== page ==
During summer brake, I set out for a tech adventure together with my son. We wanted to do weather predictions ourselves. Or at least pretend to do so.
What sparked the idea, was a beautiful tweet from rtl-sdr.com. Receiving GOES satellites was a bit of a high bar for a first attempt, so I started out with receiving NOAA images. Contrary to the GOES satellites, NOAA's are in Low Earth Orbit and have a analogue downlink at 137MHz, which does not require a dish and amplifier to receive.
I followed the guide I found in the NOAA_APT GitHub repo. We started out by building a very simple V-dipole antenna out of some leftover 1.5mm² electrical wiring. A V-dipole is not the best antenna to receive a circular polarized signal, but let's first see if we get this to work. I connected the two dipole wires to a short piece of coax to connect it to the Belling-Lee connector that fits my RTL-SDR dongle.
There used to be a lot of NOAA-satellites active, but as of this writing, only three satellites remain in service: NOAA-15, NOAA-18 and NOAA-19. These satellites are in polar orbit around the earth, completing one revolution every 102 minutes. But since the earth is rotating underneath them, they fly over different parts of the planet every time. Figuring out when the satellite will be overhead requires a degree in orbital mechanics. Or the use of some software, such as gpredict. It will calculate where the satellites are at this moment (or an arbitrary moment), and tell you when the next pass will be at your location (or any location, for that matter). It also plots the "ground track" of the satellites, which shows that the satellite visits different parts of the planet on every orbit.
To increase my odds, I picked a pass with very high elevation. The higher the satellite is above the horizon, the stronger its signal can be received. And since I had no idea what to expect, I could use every advantage available. gpredict predicted a pass with 85º elevation for today, so I made sure I was ready to receive "something": Antenna oriented for a North-South trajectory, flat on a plastic table in our garden. Things go quick: in 15 minutes, the satellite rises above the horizon, flies overhead, and disappears on the other horizon.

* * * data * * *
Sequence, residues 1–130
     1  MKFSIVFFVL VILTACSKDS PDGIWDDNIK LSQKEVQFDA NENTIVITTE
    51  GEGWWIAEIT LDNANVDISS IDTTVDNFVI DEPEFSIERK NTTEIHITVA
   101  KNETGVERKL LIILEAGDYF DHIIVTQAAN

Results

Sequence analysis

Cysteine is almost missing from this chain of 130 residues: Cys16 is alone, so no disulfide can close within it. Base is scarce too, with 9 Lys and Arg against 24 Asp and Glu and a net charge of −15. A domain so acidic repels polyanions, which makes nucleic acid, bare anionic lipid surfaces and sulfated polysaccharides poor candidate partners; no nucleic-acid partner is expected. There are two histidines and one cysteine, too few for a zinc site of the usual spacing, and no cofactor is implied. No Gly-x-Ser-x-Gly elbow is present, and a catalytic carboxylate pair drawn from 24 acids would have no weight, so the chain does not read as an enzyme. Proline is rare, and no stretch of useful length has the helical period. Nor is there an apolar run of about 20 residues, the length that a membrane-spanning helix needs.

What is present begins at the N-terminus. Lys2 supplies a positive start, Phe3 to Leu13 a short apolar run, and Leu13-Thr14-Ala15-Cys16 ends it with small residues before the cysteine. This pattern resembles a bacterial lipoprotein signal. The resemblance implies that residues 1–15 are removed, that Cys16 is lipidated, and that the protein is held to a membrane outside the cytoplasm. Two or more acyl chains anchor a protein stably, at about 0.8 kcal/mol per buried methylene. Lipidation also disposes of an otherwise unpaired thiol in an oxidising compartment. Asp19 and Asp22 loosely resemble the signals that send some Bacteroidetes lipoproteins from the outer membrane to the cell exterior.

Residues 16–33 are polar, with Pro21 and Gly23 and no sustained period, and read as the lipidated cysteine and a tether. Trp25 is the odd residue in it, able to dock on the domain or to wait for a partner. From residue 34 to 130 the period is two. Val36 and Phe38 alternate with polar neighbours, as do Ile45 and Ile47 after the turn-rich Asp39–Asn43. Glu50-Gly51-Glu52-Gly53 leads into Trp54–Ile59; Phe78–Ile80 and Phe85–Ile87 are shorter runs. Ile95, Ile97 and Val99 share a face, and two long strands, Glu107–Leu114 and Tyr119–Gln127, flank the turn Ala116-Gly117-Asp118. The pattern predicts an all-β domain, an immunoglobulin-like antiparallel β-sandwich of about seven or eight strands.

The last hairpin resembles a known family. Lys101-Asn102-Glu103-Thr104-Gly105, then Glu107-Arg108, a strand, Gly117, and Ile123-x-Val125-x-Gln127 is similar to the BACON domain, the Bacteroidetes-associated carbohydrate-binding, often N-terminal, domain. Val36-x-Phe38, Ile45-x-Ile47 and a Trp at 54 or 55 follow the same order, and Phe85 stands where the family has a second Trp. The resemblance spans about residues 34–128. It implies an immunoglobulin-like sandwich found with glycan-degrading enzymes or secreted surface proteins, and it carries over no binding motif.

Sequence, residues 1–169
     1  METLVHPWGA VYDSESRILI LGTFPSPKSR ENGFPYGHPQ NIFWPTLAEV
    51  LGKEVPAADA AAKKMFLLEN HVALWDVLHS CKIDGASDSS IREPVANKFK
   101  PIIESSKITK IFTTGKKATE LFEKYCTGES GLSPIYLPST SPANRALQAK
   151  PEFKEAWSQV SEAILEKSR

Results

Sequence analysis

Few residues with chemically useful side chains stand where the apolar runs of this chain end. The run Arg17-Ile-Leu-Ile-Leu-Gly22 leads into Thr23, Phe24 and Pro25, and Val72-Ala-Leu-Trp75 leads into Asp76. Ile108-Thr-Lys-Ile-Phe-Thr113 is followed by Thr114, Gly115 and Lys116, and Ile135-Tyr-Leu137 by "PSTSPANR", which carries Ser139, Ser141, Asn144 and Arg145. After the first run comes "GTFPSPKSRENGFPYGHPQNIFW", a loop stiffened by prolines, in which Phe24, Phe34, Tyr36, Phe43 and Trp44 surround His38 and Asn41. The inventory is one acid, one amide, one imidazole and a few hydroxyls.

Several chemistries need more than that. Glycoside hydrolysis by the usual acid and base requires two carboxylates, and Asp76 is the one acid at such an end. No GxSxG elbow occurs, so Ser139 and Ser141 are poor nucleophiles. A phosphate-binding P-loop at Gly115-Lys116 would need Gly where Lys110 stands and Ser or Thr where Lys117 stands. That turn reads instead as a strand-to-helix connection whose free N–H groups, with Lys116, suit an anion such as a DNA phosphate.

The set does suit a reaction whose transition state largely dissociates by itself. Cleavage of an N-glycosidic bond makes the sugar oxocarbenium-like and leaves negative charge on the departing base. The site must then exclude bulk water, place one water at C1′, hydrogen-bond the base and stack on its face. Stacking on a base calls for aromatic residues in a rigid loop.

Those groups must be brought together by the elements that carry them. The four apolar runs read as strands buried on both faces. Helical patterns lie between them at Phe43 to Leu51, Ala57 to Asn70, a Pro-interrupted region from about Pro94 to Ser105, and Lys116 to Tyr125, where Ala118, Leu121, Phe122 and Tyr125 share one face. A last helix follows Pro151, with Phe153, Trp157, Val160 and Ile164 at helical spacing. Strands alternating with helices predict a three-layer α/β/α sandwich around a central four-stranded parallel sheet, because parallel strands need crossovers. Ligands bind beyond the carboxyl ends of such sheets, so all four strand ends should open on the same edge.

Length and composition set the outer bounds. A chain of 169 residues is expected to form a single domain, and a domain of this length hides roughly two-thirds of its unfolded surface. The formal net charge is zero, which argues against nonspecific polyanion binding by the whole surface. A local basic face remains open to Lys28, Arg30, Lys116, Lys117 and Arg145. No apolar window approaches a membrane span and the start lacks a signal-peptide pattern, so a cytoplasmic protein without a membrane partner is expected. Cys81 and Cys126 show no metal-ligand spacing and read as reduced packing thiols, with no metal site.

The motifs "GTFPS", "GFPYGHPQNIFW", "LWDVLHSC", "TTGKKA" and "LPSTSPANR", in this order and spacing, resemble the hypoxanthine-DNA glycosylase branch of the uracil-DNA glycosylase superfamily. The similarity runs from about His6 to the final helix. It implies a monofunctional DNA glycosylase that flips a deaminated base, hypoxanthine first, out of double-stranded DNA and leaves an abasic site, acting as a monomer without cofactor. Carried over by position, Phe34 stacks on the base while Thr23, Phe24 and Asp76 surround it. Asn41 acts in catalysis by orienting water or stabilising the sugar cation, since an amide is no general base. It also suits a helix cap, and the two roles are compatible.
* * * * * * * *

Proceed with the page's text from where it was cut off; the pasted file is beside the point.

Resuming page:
I had GQRX open, tuned at 137.872500MHz, 300kHz bandwidth. I figured that I'd want the signal a bit away from DC to avoid trouble demodulating. NOAA-18 transmits at 137.9125MHz, with an RF bandwidth of 34kHz, which gives me 23kHz room above DC to accommodate any callibration issues and doppler shift. I enabled the FM demodulator, but all I heard was noise. But the waterfall already showed some promise.
A bit of patience allowed the satellite to climb higher above the horizon, and that yielded a stronger signal. I could hear the expected 2.4kHz beeping and "tic-toc" sound of the sync signals.
The next step was a bit of a disappointment. I wanted to demodulate the FM signal sitting at ~40kHz to baseband using a command line tool. But I didn't find any tool to do this. So I took the easy way out and simply replayed the recording in GQRX, recording the demodulated output to a WAV-file. One note if you intend to use WXtoImg: GQRX records in 16bit 48kHz, while WXtoImg requires 11kHz. Luckily, NOAA_APT is happy to accept pretty much anything.
The result was more impressive that I expected. It was a relatively cloudless day, so you could clearly see the coastlines of Denmark and Great Britain, especially on the Infrared channel (right image). Based on the description of the APT signal, the image contains one visible spectrum image (channel 1, 580nm - 680nm, left), and an infrared image (channel 4, 10.30µm - 11.30µm, right).